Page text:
The separation of judiciary and executive also depends upon the effective functioning of the prosecution. Unfortunately, this is an area that is completely unaddressed by the Government of Bangladesh in its pledges to the UN. At present, prosecutors across the country are replaced each time the major political parties switch places. Many of these political appointees are incompetents, or worse, clever manipulators. Until the prosecution also is reformed to stop its abuse by politicians, talk of an independent judiciary will anyhow remain of limited value.  

The AHRC seriously doubts the pledge of the Government of Bangladesh to separate the judiciary and executive. Had the government been sincere about this commitment, it could have begun work years ago, and by now been well upon the way to completing the necessary steps for independent courts of justice in all parts of Bangladesh. Unfortunately, untold numbers of victims like Shahin Sultana Santa are up to today continuing to suffer injustice heaped upon abuse by the country’s so-called magistrates. For those persons “as soon as feasible” cannot come soon enough; for many, it is already too late. 

The fifth pledge given to the UN Human Rights Council by the Government of Bangladesh is: “[To] remain prepared to be reviewed under the universal periodic review mechanism during its tenure in the Council”. The Asian Human Rights Commission now urges the Council to call on that pledge, and review the status of Bangladesh as a member of the Council as soon as the means is established to do so. The failure of the government in its commitment to separate the judiciary and executive is a failure of unestimable proportions. It is daily causing misery to the people of Bangladesh and undermining their confidence in all aspects of administration and justice in their country. It is denying the possibility of respect for all human rights. It is the characteristic not of a country that wishes to join the global community in a new movement for human rights into the 21st century, but rather the characteristic of a primitive society that is still unable to move itself beyond feudal notions of power and violence.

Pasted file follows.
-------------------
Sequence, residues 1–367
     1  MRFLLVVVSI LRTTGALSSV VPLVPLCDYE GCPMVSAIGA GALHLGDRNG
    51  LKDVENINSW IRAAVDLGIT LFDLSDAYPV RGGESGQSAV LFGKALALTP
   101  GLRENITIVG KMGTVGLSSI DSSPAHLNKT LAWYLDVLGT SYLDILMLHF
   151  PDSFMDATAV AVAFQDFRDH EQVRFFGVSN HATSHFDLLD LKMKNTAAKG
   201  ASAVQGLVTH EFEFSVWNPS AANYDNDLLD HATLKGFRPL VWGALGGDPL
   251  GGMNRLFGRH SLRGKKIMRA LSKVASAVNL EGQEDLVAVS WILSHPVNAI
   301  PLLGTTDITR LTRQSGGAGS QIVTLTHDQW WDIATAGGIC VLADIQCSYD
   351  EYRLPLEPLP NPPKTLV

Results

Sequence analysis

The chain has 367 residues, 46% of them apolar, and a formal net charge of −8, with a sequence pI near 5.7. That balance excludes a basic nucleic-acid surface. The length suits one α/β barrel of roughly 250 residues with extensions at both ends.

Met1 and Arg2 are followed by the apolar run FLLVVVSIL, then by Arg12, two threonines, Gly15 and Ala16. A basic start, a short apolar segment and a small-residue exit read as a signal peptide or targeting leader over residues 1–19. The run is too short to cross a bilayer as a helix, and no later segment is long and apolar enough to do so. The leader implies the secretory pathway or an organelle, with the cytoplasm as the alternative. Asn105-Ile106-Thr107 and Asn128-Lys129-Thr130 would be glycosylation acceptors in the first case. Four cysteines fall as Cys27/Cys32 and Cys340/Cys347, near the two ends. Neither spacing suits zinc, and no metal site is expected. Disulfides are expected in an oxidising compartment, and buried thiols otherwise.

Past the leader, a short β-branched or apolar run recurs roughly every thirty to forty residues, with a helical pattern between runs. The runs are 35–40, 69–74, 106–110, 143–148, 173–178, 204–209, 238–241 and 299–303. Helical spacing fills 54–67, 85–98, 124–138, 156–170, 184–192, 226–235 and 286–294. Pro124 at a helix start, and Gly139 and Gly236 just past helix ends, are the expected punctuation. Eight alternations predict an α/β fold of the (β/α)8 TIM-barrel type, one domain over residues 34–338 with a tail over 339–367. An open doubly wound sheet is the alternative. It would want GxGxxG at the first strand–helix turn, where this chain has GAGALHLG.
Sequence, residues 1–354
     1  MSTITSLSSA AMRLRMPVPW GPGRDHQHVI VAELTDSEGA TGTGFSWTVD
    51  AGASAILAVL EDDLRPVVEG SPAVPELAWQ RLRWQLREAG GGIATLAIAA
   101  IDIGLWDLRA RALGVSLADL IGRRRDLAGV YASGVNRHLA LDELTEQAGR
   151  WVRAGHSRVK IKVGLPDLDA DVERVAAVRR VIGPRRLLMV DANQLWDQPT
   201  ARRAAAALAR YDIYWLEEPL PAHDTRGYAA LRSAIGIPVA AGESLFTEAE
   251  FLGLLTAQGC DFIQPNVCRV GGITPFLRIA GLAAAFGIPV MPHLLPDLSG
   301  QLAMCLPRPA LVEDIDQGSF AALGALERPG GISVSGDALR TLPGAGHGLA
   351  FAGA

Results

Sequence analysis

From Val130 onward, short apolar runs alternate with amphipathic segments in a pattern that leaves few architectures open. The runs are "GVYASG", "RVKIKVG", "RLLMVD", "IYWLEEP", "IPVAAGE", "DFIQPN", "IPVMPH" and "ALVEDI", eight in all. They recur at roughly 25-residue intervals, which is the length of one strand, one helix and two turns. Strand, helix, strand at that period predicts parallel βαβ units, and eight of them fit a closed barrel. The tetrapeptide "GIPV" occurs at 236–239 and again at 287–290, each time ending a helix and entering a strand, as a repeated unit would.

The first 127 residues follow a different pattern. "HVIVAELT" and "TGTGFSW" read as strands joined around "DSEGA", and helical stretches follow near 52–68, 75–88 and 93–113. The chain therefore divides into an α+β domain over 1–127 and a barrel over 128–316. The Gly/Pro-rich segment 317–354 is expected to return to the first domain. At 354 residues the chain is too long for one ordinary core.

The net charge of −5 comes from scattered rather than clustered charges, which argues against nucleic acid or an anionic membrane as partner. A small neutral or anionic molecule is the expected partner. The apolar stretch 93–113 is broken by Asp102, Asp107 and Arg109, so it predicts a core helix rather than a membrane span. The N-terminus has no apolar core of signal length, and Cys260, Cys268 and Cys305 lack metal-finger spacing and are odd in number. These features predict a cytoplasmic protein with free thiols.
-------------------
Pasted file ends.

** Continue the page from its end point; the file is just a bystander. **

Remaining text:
I request that your office transmit this letter to all members of the Council for their consideration.  

Yours sincerely

Basil Fernando
Executive Director
Asian Human Rights Commission, Hong Kong 

Document Type : Open Letter
Document ID : AHRC-OL-038-2006
Countries : Bangladesh,
Issues : Judicial system,